WHAT: The human gut microbiota has been linked with incidence and progression of non-communicable diseases and their risk factors. Moreover, diet has been identified as an important modulator of microbiota composition and function, but responses vary between individuals. The underlying mechanisms of diet - microbiota interactions remain to be elucidated to provide a foundation for tailored dietary strategies for personalized precision nutrition. The aim of the DiGuMet project is to investigate how gut microbiota interact with diet and to identify the role of these interactions on cardiometabolic risk factors.
HOW: In this project the underlying mechanisms will be further dissected through extensive metabotyping using metagenomics and metabolomics combined with lifestyle data in a free-living prospective cohort subset. The hypothesis is that gut microbiota - diet interactions are a major determinant of the metabotypes and that distinct metabotypes could be reflected by predictive biomarkers. These biomarkers could then be used to tailor personalised dietary interventions to improve the molecular phenotypes among subjects at elevated risk of cardio vascular diseases. The hypothesis will be tested by conducting a dietary intervention rich in fermentable vs non-fermentable cereal fibres among subjects with signs of metabolic syndrome with distinct differences in their pattern of microbiota and microbiota-derived metabolites.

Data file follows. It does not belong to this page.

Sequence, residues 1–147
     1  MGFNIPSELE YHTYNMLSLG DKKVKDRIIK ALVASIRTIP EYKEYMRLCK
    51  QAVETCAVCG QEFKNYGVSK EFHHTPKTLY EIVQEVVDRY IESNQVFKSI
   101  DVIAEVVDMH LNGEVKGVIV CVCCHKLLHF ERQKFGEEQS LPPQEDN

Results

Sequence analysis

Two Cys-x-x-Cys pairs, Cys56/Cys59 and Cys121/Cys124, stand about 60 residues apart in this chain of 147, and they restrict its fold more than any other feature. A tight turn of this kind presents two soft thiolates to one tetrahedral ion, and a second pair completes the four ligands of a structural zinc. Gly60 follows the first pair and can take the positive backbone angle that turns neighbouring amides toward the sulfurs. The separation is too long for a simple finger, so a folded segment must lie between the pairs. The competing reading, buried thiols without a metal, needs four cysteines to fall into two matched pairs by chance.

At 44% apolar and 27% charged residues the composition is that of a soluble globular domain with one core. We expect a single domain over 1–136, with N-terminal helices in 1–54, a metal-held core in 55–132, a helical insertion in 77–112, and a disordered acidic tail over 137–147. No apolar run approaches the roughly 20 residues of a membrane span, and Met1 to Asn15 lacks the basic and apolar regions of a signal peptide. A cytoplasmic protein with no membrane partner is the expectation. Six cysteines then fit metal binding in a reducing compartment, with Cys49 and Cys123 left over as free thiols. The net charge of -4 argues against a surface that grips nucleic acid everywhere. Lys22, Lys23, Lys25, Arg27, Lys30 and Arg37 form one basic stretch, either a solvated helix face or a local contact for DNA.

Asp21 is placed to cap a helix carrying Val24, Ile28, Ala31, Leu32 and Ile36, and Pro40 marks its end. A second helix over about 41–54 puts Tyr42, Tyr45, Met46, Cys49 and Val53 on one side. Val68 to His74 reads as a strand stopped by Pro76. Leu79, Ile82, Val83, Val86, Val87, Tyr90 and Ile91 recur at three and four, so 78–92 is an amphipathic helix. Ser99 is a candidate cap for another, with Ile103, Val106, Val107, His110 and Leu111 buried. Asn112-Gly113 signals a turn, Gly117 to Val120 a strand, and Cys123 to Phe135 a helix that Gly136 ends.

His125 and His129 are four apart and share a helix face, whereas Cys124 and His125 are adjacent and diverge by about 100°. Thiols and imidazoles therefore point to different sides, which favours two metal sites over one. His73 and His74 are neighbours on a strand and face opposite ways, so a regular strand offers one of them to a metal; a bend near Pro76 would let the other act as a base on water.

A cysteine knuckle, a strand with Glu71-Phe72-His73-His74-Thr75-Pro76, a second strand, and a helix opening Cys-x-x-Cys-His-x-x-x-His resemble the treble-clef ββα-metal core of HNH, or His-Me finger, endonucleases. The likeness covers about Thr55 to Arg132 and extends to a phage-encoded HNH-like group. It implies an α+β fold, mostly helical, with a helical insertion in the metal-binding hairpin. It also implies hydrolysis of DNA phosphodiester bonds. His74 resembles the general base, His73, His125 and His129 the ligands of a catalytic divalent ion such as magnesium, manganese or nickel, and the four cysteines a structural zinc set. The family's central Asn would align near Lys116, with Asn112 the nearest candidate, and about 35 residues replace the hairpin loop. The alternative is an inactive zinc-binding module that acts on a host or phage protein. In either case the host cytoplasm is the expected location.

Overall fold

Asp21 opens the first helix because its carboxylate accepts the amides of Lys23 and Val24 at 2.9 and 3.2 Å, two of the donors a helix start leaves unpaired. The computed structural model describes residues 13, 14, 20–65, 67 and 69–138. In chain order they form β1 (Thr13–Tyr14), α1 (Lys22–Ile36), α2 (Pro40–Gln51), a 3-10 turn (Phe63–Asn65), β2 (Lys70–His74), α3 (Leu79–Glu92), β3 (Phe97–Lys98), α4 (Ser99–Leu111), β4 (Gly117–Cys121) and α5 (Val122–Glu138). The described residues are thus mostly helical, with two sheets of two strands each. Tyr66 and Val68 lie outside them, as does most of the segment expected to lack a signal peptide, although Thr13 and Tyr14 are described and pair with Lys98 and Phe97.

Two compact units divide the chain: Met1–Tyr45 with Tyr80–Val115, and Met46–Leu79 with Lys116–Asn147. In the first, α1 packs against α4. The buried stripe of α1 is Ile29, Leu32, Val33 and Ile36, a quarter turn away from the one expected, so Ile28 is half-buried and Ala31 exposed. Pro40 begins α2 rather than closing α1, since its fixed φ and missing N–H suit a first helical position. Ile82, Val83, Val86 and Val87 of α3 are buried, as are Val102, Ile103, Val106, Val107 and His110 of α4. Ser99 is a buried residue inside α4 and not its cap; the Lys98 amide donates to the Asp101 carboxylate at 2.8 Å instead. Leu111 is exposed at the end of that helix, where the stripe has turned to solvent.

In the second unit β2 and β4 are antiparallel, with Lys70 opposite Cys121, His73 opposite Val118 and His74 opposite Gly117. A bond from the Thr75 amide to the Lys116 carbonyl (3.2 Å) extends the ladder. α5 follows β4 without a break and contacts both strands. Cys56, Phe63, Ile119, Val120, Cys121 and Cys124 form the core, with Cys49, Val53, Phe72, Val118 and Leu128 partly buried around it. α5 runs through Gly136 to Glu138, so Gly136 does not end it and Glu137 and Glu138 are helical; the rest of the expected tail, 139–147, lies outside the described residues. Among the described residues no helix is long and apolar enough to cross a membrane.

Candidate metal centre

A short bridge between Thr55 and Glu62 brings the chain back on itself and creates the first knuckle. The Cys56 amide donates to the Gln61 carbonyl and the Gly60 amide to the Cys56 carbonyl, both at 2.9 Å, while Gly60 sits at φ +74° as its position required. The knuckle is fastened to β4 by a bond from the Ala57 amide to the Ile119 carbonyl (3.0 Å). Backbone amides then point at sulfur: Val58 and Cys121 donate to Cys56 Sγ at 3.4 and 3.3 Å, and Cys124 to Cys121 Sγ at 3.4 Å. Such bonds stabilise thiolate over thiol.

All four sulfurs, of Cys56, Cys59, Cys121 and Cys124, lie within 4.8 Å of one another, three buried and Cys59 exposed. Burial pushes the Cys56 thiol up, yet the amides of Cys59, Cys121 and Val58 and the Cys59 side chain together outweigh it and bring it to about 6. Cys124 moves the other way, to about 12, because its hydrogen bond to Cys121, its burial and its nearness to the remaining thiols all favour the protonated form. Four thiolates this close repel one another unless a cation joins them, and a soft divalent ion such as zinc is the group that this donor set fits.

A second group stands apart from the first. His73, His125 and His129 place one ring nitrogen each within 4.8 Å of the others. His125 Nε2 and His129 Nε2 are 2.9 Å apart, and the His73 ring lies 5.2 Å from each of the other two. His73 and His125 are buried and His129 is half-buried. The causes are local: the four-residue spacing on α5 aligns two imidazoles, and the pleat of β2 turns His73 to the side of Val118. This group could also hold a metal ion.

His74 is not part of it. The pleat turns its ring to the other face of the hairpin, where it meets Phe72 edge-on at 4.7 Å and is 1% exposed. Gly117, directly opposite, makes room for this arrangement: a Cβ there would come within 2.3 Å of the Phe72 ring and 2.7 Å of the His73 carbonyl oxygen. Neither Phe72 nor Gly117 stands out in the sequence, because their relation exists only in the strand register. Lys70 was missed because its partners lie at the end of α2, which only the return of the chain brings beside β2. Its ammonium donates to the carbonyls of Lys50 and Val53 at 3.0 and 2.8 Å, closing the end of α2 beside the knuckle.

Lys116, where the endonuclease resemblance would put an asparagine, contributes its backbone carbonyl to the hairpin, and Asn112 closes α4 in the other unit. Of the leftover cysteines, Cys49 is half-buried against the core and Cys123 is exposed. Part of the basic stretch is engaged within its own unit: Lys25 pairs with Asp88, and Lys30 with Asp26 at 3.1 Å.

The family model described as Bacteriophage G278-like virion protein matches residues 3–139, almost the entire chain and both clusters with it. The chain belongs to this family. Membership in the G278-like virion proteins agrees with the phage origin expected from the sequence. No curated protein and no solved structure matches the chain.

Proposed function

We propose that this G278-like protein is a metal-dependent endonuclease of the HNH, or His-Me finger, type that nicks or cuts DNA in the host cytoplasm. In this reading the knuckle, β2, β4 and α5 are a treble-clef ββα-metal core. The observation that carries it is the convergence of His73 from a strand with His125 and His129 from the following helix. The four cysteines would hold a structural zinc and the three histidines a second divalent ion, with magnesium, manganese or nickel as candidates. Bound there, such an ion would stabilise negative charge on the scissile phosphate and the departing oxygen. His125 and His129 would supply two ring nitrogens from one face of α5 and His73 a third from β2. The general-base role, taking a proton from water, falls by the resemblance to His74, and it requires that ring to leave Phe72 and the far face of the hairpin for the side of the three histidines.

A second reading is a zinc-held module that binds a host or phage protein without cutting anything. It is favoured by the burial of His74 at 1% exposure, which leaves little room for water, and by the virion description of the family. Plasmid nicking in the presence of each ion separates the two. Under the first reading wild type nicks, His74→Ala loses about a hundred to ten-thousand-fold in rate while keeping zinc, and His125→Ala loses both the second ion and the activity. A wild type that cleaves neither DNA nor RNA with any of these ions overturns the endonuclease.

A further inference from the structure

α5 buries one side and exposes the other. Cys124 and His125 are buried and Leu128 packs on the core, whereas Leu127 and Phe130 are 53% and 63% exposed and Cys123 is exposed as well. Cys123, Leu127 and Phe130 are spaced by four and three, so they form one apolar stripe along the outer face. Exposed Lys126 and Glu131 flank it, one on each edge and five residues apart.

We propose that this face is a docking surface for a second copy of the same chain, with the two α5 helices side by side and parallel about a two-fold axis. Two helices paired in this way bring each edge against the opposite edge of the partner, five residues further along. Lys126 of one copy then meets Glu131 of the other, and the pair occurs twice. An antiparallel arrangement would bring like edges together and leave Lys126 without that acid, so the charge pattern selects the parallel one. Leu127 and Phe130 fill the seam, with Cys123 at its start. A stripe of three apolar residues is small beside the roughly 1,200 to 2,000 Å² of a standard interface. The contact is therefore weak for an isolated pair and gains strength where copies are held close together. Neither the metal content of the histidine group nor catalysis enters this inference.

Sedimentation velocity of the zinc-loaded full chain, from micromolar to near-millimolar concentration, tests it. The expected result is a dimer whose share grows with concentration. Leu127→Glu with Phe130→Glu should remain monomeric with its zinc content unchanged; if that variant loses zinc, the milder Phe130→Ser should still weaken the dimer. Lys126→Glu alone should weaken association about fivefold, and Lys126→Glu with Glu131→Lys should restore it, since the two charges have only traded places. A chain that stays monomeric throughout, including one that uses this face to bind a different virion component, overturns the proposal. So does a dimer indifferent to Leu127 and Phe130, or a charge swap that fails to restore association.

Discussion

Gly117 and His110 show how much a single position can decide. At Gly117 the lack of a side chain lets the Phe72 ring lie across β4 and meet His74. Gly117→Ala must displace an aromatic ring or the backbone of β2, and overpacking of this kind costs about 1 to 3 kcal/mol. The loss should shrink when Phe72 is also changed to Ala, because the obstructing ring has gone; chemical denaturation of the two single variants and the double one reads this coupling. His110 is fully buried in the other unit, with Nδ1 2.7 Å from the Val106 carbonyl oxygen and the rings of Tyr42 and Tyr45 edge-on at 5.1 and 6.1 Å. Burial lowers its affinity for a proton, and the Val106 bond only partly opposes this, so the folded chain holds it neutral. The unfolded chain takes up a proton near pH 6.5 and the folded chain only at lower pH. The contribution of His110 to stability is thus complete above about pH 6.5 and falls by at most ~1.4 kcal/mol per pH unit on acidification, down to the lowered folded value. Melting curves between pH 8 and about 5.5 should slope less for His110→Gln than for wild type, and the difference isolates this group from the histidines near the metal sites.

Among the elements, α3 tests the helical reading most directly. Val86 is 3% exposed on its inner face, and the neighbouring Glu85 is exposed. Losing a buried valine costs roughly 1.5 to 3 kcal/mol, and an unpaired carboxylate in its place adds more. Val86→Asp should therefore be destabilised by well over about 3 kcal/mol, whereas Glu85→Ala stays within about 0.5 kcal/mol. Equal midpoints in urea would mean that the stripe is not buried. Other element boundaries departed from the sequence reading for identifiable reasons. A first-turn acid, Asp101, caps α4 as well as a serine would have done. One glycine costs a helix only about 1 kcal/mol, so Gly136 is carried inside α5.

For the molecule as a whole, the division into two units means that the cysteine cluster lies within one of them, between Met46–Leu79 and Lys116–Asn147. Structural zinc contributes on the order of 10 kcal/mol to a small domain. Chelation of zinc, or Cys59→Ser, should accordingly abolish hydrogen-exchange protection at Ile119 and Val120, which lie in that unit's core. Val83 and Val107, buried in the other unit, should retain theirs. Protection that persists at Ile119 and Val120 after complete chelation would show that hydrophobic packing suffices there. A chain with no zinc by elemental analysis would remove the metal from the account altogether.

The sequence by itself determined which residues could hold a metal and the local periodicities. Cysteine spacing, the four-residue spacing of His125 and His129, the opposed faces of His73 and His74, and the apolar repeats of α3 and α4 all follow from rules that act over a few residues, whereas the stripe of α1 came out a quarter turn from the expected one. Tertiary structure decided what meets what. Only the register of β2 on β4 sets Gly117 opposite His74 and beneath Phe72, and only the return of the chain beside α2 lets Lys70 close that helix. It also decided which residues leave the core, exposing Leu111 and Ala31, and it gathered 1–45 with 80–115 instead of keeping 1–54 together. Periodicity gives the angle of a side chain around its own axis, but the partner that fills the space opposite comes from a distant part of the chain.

WHO: The DiGuMet consortium consists of three funded partners and two collaborators, coordinated by Prof. Rikard Landberg of Chalmers University of Technology (Sweden) email contact: email@example.com
The other consortium partners are Cristina Andres-Lacueva, University of Barcelona (Spain) and Gabriele Riccardi, Federico II University (Italy). The Danish Cancer Society (Denmark) and Barilla G. e R. Filli (Italy) are collaborating in this project.